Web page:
How To Make Iced Coffee With Less Ice Melt
In the US, we love our iced coffee all year long. An iced coffee from a coffee shop always tastes great. Why is it so hard to replicate that great taste when you try to make iced coffee at home? A lot of coffee drinkers who have tried complain that the ice melts too quickly so their coffee tastes watered down. I have some solutions for you! Keep reading to learn how to make a good iced coffee from hot coffee.
Caution: Do Not Use Glass To Make Iced Coffee From Hot Coffee
Before I get into the four different ways you can make iced coffee, I want to remind you should only try these methods using a plastic or steel tumbler. Never use glass. The reason is that the rapid temperature change from cooling the hot coffee can cause the glass to crack.
Method 1: Add Milk First
A simple thing you can try is adding your milk or creamer to the coffee BEFORE adding the ice. If the milk is cold, it will cool the hot coffee down. Stir with a spoon for a bit to let some of the heat escape. Then fill it up with ice. This isn’t perfect, but it is the fastest method. It is likely that the ice will still melt pretty quickly if your coffee started piping hot. You could try brewing the coffee extra strong knowing that it will get a bit diluted.
Method 2: Chill In The Refrigerator
If you have time, you can brew your coffee into a tumbler and then let it sit in the fridge for 30 minutes. When the time has passed, take it out, add your ice cubes and then any milk and sweeteners.
Method 3: Get The HyperChiller
Have you heard of the HyperChiller? I use it at home to make my iced coffees with my Nespresso machine. You can use it with any coffee machine you have. It can chill coffee in two minutes or less with zero dilution. The HyperChiller uses just regular water (no gels or chemicals). Fill it with water and then store it in the freezer. Clean up is easy too since it is dishwasher safe. See my related post on a complete review of the HyperChiller.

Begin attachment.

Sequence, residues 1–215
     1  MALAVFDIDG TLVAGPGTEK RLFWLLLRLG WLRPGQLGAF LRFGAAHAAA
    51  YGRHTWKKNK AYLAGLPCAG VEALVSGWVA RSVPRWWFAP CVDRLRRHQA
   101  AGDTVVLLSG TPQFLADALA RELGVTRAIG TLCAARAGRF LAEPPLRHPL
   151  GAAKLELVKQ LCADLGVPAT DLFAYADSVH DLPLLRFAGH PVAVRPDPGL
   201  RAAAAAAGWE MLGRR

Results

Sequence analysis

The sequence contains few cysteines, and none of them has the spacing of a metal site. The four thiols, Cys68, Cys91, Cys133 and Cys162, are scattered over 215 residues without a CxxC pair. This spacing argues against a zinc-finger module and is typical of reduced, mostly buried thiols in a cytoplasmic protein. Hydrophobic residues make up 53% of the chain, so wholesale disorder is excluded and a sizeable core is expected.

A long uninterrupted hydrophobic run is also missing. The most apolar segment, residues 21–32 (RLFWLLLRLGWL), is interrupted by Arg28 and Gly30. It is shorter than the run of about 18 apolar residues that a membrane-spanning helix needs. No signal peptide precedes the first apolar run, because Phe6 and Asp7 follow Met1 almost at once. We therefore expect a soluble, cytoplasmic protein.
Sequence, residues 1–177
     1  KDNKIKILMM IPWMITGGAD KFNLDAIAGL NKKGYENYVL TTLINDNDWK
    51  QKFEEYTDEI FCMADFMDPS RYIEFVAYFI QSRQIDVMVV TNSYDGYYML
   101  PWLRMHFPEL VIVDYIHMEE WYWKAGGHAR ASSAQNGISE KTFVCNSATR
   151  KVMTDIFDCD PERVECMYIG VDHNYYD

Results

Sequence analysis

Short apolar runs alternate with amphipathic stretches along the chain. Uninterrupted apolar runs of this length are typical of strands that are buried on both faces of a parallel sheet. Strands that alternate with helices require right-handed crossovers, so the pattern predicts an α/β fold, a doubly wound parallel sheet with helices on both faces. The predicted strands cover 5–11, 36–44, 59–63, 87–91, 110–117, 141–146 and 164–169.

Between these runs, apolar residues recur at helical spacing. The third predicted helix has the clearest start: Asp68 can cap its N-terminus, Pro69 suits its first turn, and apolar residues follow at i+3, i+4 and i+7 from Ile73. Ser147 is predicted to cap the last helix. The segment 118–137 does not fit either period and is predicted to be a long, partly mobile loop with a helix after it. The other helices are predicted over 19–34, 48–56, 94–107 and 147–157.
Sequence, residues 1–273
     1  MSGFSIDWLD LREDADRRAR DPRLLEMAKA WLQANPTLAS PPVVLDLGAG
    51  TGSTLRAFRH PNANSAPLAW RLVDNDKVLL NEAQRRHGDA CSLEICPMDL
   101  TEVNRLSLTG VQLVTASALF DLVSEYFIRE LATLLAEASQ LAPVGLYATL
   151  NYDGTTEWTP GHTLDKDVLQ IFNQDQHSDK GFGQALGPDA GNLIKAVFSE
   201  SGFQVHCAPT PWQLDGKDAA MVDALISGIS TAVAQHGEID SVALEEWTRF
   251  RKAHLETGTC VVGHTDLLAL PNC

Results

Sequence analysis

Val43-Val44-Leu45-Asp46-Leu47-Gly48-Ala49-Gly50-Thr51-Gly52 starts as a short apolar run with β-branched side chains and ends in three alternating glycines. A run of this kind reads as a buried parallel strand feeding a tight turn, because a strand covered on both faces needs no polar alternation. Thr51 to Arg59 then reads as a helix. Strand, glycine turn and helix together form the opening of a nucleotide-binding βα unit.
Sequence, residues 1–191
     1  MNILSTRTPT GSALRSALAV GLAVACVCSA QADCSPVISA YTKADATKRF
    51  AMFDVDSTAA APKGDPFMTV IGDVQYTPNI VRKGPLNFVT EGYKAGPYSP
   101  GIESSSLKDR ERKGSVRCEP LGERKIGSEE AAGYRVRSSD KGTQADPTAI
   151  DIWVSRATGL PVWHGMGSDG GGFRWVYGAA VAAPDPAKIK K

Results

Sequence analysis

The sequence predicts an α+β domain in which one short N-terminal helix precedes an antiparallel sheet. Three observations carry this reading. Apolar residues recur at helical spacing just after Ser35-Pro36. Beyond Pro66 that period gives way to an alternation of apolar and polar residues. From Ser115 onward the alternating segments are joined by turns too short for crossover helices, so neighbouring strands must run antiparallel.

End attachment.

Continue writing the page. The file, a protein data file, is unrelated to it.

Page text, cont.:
Using the HyperChiller is super easy. Brew your coffee into a glass or thermal carafe like you normally would. Then pour some of it from the carafe onto the lid of the HyperChiller. The lid slopes down so that the coffee will enter the inner cooling chamber. Swirl it for 60 seconds and then let it sit for two to three minutes. If you put 10 oz or less, two minutes will be enough. If you put in 12 oz, give it an extra minute. Then pour the contents into a glass full of ice. Add your milk or sweeteners if desired.
Method 4: Make Coffee Ice Cubes
If you have the time to plan ahead, then you can make coffee ice cubes for a stronger cold drink. Brew coffee and pour it into a large plastic or steel tumbler. Let the coffee chill in the refrigerator for at least 30 minutes. After that, take it out and pour the coffee into an ice tray. Let it freeze for several hours. When you go to make your next iced coffee, use these cubes instead of regular ice. They will melt, but you’ll be adding coffee to coffee instead of water to coffee from regular ice cubes. It may make your drink taste extra strong, which could be good or bad depending on your taste preferences.
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